In 2005, Hawley becomes TSA Administrator and is thrown in to the deep end of the intelligence world … one thing that he implements, while not quite up to the Israeli model, are “BDOs” - Behavior Detection Officers, based on a program independently started by Paul Maccario at Boston's Logan Airport.
The BDOs were trained to refer to a sheet that scored various behaviors – distress, fear, fidgeting – on how alarming they were. BDOs used a cocktail of targeted emotions that drive the point-based system. By weighing different behaviors on a score sheet and confirming that they observed multiple alarming emotions, BDOs were able to incorporate a more objective approach to what is perceived to be a very subjective technique. Every day in America 2 million people walk onto planes from every possible ethnic, religious, cultural, and racial background. The score sheet was meant to provide some sort of threshold before selecting people for additional screening or questioning, and hopefully protect us and the passengers alike from mistakes driven by preconceptions of what a terrorist looks like.
There is also a significant amount of material here about Hurricane Katrina, as the agencies involved in the terrorism fight also were pulled in for that. Especially inspirational was how the Air Marshals were able to be mobilized from postings all over the country to act as key “first responders” keeping order at airports in the affected area.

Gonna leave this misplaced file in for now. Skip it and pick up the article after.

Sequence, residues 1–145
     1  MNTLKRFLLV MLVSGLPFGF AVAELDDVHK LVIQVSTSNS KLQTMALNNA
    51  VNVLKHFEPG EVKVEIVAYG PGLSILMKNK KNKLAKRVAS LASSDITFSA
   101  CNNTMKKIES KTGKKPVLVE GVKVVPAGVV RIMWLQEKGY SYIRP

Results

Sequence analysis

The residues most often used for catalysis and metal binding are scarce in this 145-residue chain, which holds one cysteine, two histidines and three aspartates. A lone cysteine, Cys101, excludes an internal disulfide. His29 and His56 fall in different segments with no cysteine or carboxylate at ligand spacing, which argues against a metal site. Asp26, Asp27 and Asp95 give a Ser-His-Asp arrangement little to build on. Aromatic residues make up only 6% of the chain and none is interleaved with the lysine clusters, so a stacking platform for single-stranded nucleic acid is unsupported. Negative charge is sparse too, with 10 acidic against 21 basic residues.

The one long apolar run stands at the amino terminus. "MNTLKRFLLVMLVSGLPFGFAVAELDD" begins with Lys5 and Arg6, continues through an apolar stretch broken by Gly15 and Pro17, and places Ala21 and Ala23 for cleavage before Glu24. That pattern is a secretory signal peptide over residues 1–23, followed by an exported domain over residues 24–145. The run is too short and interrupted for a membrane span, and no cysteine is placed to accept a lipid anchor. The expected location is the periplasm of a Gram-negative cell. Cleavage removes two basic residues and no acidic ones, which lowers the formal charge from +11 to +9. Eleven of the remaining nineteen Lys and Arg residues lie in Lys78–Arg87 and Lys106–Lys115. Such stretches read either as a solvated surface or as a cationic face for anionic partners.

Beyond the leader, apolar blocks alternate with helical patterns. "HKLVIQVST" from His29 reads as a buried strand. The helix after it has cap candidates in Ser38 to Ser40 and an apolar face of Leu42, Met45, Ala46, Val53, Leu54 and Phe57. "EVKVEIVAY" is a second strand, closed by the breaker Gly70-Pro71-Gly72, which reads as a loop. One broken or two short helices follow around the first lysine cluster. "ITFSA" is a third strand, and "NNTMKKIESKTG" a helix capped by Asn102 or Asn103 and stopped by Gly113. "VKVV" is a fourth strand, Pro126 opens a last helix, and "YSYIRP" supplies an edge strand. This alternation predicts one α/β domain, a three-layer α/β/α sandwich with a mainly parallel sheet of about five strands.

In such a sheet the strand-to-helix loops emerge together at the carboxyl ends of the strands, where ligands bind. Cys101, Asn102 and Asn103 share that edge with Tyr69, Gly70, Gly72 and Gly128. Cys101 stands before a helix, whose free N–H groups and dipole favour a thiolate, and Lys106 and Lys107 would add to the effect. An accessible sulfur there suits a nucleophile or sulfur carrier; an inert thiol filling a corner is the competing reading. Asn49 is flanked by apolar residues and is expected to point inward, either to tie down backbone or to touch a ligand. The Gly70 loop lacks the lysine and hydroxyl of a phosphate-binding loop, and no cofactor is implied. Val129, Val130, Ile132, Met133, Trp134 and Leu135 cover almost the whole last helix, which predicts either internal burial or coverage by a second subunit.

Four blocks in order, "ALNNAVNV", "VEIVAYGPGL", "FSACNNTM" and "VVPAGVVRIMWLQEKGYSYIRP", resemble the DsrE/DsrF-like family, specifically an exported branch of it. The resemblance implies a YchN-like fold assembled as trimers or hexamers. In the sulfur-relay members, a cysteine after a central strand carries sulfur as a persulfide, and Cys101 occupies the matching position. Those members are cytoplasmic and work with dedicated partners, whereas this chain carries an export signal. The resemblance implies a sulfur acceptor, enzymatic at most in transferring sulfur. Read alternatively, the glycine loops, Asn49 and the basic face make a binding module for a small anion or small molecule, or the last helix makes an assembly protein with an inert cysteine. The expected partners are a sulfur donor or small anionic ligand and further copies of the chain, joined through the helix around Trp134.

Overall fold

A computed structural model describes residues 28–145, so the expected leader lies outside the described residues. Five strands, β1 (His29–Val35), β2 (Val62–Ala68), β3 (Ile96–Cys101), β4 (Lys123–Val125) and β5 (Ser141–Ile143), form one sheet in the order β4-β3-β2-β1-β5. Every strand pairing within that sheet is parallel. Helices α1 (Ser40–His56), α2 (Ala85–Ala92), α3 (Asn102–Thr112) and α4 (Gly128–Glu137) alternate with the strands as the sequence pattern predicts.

Frankly, both sides of the story are sufficiently complicated and detailed that I really can't do justice to them in this review, but Permanent Emergency follows both with the tenacity of a good spy novel. There is obviously a lot of stuff we're not being told, but the amount of information here is really remarkable. Very useful, also, are sections at the end listing the names of all they key players (on both sides), and page after page of organizational acronyms, going into what they stand for and what those organizations do … fascinating stuff. There is also a time-line from 9/11/01 through 07/01/10 when a new permanent TSA Administrator was put in to replace the author.

Permanent Emergency just came out this summer, so is likely still out in the bookstores. It's available in hardcover, paperback, and ebook, and the on-line big boys have it at about a quarter off of cover price, which might be your best bet for picking it up since it hasn't seemed to have filtered down to the used channels to have a substantial discount (when individual shipping's added). I found this fascinating, and think it would appeal to anybody who likes spy thrillers, and books about politics.